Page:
(Some novels are said to have a good “sense of place”; Gateway has sense of time. The way anxiety drags out time, or compresses it.)

The therapy scenes (lying in the grass, sweating through my shirt even in the shade of a tree) really got to me, a lot more than I thought they would. I hate talking to doctors and psychiatrists and psychologists and social workers and such, I generally don’t like telling them about that kind of thing, and I’ve had to do it for years. So even the scenes in Gateway, with Broadhead snarkily parroting Freudian jargon to Sigfrid, rattled me.

I think what I hate is the feeling of exposure. Self-loathing, maybe; I feel like I’m an ugly, mediocre mess beneath a fragile veneer of normalcy. So having to open myself up to examination, whether it’s a psychiatrist asking about my depression or a social worker inspecting my bank statements, is just the most terrifying thing. Perhaps because of so much therapy in my childhood, or not getting a lot of privacy growing up in general, I have an urgent need for privacy now.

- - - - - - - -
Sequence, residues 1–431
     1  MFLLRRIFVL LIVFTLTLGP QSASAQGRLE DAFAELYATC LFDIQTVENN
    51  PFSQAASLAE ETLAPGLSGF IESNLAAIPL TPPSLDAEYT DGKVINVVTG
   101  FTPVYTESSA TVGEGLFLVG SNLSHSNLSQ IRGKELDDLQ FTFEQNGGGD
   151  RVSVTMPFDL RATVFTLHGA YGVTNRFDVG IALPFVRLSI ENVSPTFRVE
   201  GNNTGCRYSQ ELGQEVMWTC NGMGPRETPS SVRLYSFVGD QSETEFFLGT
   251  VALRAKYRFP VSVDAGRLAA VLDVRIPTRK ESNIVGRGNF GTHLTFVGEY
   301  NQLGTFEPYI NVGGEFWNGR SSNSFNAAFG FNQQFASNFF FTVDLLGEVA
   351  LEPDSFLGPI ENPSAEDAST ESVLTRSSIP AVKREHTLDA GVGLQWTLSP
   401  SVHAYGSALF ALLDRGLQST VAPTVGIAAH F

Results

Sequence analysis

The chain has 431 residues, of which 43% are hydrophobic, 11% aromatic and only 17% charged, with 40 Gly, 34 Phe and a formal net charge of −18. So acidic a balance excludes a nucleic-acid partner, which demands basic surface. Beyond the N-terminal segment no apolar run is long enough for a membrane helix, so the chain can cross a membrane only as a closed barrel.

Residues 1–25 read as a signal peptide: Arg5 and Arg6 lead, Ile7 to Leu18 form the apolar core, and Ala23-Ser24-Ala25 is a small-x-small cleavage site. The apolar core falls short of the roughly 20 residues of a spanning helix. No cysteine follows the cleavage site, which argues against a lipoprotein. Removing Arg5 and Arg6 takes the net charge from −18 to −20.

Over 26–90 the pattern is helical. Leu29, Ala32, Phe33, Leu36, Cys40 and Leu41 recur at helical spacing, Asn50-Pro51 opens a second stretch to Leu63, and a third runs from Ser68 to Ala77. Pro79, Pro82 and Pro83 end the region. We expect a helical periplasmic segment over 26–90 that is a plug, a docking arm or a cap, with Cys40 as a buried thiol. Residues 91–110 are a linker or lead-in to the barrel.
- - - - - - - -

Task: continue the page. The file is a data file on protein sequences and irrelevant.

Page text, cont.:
(I couldn’t explain any of this to my social worker, though. I could only say, yes, I know I should have phoned you weeks ago. No, I can’t explain why I didn’t. No explanation is coming. I just want to be let alone.)

You just sort of have to keep going, and let yourself feel things as they happen. Looking back on things, I think I prefer the fear and anxiety and self-recrimination and all that. It’s better than numbness, because it feels like you’re actually losing time—like time is going by and you haven’t spent it doing anything. I hate drifting. It’s just hard to pull yourself out some of the time.